The following is an excerpt from the prologue of Miracle Man:
He was disgusted with himself and disgusted with her, but they were too young to be burdened. Life was already hard enough. He shook his head incredulously. She had been so damn sexy, funny, full of life. Why the hell couldn’t she leave well enough alone? She should have had some control.
He wanted to scream-out down the ugly street, “It’s her fucking fault that I’m in the rain in this crap neighborhood trying to evade the police.”
But he knew he hadn’t tried to slow her down either. He kept giving her the drugs and she kept getting kinkier and kinkier and more dependent on him and that’s how he liked it. She was adventurous and creative beyond her years. Freaky and bizarre. He had been enthralled, amazed. The higher she got, the wilder she was. Nothing was out of bounds. Everything was in the game.
And so, they went farther and farther out there. Together. With the help of the chemicals. They were co-conspirators, co-sponsors of their mutual dissipation. How far they had traveled without ever leaving their cruddy little city. They were so far ahead of all the other kids.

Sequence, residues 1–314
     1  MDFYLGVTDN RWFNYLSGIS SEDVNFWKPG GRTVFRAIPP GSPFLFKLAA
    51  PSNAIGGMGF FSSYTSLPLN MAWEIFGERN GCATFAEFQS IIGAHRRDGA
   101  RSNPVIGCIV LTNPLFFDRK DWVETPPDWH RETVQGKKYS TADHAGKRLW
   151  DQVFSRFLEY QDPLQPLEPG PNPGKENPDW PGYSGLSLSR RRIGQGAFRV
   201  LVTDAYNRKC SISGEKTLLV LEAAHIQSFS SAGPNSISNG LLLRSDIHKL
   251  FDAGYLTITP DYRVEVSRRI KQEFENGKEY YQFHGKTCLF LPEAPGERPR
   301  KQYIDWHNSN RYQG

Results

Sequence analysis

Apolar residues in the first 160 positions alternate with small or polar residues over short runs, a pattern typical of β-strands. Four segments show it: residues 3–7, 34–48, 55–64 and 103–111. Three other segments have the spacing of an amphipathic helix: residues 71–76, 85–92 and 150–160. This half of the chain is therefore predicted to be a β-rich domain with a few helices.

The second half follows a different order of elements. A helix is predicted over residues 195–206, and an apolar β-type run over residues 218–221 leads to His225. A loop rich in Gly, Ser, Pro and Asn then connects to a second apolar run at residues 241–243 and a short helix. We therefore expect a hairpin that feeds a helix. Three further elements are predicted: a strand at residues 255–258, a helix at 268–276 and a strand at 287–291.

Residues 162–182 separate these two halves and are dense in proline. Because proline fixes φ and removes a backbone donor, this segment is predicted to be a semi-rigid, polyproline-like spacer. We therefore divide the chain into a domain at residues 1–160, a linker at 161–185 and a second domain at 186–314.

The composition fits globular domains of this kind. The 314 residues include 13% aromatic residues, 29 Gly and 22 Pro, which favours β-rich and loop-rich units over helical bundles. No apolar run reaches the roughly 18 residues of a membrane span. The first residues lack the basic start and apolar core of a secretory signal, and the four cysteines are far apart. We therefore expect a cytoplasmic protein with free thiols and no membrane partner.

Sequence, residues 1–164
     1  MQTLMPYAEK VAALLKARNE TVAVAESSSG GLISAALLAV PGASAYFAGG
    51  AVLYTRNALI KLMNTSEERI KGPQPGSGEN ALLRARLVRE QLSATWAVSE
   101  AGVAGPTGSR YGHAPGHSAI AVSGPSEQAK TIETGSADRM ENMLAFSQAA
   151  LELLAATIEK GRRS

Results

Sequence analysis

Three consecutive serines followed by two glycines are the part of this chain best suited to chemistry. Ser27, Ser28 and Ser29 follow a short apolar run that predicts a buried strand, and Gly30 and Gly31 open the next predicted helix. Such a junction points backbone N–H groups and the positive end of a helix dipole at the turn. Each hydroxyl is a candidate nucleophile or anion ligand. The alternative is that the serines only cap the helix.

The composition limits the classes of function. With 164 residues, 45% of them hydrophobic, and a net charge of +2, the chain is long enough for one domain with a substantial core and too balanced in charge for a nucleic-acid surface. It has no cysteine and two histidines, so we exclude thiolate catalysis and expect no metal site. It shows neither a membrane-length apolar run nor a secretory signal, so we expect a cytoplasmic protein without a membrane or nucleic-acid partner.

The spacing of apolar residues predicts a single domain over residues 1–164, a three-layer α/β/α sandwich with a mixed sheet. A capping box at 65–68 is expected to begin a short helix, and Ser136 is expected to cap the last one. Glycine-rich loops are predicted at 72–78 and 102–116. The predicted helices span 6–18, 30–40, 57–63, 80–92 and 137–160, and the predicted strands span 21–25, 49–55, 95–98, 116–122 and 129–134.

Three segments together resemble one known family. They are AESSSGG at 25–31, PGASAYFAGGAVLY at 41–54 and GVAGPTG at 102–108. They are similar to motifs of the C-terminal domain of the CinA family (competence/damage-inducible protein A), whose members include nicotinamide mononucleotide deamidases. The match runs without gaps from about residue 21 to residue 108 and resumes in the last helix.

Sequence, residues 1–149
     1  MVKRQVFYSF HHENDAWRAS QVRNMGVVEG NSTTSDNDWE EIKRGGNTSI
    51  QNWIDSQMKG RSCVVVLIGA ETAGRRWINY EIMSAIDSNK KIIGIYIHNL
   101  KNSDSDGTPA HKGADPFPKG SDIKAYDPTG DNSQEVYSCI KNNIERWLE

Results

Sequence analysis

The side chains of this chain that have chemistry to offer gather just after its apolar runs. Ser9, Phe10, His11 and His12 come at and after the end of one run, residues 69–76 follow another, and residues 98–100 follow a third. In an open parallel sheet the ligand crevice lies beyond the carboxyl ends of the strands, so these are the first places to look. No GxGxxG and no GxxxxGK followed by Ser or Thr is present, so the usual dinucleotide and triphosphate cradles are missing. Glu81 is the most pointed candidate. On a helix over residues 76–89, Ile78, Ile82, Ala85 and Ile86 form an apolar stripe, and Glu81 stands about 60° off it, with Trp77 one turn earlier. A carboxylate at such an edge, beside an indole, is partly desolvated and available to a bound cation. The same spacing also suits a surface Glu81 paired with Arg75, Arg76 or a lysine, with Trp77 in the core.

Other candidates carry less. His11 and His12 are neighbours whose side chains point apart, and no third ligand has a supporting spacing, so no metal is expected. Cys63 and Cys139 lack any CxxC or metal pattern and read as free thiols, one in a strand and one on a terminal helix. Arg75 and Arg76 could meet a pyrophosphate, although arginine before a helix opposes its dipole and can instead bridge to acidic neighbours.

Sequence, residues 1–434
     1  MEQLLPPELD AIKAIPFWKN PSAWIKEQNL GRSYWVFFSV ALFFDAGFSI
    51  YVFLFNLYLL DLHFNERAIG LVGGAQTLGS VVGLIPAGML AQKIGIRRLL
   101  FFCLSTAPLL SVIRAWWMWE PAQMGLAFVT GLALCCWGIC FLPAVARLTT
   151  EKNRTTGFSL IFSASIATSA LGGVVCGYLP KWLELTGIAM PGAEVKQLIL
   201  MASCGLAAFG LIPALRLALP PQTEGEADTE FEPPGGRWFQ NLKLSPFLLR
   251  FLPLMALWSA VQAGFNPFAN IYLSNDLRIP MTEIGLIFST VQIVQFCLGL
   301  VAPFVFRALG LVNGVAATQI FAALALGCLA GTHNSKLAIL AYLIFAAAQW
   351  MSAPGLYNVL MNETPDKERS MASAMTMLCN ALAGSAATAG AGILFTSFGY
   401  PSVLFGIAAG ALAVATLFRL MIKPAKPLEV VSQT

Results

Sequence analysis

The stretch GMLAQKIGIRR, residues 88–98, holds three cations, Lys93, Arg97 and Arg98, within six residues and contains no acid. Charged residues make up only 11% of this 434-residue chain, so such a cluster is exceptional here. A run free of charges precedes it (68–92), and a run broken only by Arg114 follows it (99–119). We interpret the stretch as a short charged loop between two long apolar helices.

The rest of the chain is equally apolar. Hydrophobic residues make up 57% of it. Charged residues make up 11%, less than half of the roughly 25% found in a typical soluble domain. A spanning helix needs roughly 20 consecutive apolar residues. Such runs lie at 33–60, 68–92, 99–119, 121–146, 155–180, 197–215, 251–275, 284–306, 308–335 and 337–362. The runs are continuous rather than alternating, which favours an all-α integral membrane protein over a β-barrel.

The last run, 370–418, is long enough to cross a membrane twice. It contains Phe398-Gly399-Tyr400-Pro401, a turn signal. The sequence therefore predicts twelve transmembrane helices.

He squinted, and his mind reeled. He tried to remember in what month of their senior year in high school the drugs became more important to her than he was. And in what month did her face start looking so tired, her complexion prefacing the ravages to follow, her breath becoming foul as her teeth and gums deteriorated. And in what month did her need for the drugs outstrip his and her cash resources.
He stopped walking and raised his hooded head to the sky so that the rain would pelt him full-on in the face. He was hoping that somehow this would make him feel absolved. It didn’t. He shuddered as he clutched the shiny black bag, the increasingly cold wet wind blowing hard against him. He didn’t even want to try to figure out how many guys she had sex with for the drugs.
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